Situation: The CEO of a company is wrestling with issues concerning change orders and high labor and materials cost. To get back into good financial shape, they are considering options including reduction in estimator time and selling equipment; however, either of these could gut the business. How do you manage through a difficult period?
Advice from the CEOs:
- It is critical to get on top of change orders. This is potentially a big profit-loss swing for the business.
- Does everyone understand what’s happening?
- If the answer is yes, teach them more about the business nuts and bolts so that they can help develop solutions? Share a portion of the savings in the form of spot bonuses for those who develop solutions.
- Take a lesson from The Great Game of Business. Let employees know about the challenges and challenge them to help develop solutions.
- As an example, look at change orders and the percent of change orders that are not correctly completed, approved and invoiced as a critical number. Let’s say that 50% of change orders are not completed, approved and/or invoiced correctly. The objective for the year is to reduce this to 25%. Calculate the value of lost billings from the past year. If this can be reduced by half, the value will be $X. If the company can meet this objective, consider making half of $X available for distribution as gifts or prizes.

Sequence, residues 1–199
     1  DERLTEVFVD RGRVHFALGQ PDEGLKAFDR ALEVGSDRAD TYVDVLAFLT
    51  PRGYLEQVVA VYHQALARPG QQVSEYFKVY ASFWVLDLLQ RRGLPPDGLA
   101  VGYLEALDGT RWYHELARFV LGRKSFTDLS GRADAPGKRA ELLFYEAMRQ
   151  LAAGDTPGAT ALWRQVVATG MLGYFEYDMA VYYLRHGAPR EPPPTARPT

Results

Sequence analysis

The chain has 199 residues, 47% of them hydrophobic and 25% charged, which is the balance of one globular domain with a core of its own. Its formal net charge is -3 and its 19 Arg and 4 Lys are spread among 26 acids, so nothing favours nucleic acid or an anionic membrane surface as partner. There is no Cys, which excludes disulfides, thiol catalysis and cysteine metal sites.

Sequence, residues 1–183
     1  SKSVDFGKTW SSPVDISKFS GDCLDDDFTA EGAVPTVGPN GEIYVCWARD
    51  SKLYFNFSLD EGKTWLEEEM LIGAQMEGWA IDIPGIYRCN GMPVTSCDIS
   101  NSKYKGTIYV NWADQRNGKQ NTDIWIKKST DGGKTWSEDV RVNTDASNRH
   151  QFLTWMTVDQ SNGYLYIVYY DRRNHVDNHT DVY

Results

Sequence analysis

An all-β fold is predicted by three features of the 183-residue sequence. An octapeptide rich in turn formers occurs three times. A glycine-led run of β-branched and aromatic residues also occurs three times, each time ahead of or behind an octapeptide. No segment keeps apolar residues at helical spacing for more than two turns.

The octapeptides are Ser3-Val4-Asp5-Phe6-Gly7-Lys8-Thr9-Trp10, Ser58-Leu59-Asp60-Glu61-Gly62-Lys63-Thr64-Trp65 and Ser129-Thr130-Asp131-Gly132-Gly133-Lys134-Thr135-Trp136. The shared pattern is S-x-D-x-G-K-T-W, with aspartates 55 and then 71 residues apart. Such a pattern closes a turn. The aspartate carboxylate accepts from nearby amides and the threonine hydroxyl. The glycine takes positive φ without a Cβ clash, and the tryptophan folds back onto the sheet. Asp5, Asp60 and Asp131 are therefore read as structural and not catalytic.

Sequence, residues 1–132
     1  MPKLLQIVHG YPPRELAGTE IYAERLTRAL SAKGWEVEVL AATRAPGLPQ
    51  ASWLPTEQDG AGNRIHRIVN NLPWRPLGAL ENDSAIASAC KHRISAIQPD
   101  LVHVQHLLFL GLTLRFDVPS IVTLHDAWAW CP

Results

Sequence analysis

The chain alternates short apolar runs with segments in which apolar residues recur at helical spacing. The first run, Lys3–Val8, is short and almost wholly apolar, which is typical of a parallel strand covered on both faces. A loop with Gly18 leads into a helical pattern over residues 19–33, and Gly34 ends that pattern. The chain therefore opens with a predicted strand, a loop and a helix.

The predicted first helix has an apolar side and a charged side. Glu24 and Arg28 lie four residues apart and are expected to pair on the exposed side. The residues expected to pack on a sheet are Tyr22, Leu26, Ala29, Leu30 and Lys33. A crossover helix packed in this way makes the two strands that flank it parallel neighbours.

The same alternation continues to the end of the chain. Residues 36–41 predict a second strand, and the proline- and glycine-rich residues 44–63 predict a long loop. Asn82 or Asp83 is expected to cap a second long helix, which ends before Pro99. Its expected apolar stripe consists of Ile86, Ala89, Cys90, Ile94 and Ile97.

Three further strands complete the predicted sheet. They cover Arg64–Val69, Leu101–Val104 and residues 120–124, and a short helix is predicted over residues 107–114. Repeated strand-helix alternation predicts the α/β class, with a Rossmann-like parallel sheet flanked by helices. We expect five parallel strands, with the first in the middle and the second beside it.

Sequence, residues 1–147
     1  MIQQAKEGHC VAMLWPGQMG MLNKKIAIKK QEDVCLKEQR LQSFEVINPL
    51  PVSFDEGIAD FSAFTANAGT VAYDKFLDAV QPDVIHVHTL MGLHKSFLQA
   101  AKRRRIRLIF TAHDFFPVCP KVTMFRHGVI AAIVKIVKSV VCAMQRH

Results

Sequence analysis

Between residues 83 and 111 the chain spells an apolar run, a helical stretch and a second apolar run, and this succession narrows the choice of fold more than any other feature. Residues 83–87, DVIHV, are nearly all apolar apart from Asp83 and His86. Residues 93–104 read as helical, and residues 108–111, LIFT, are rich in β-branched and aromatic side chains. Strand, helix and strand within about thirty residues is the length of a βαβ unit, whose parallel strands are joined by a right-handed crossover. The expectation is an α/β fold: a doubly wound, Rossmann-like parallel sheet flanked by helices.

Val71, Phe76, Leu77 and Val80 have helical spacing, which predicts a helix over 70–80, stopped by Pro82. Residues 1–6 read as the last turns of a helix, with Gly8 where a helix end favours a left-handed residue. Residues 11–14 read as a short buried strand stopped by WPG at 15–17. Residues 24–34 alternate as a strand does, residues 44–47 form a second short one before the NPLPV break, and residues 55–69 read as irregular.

- To support this, allow each new project to design its own minigame to reduce the number of incomplete and uninvoiced change orders.
- The idea is to have the project and inside teams design the minigames and come up with ways to reduce incomplete and uninvoiced change orders. They will learn new ways of being more efficient from this process. This is the long-term benefit to the company.
- If it is necessary to reduce staff, cut early instead of later. This is painful but laid-off employees can be hired back on a contract basis as necessary.
- A common solution during a difficult period is to cut back to core, reducing overhead as a survival strategy, and focus on winning as may bids as possible to rebuild the business.
- Look at all departments and the gross margin that each produces minus the overhead that each requires. Focus cutbacks on those that are not positive.
- Increase annuity contracts – contracts with major companies that are growing and frequently require the company’s services.
- Transfer equipment to a separate corporation. Lease it back as business requires. This increases cash flow flexibility – for example, don’t make lease payments when cash is tight.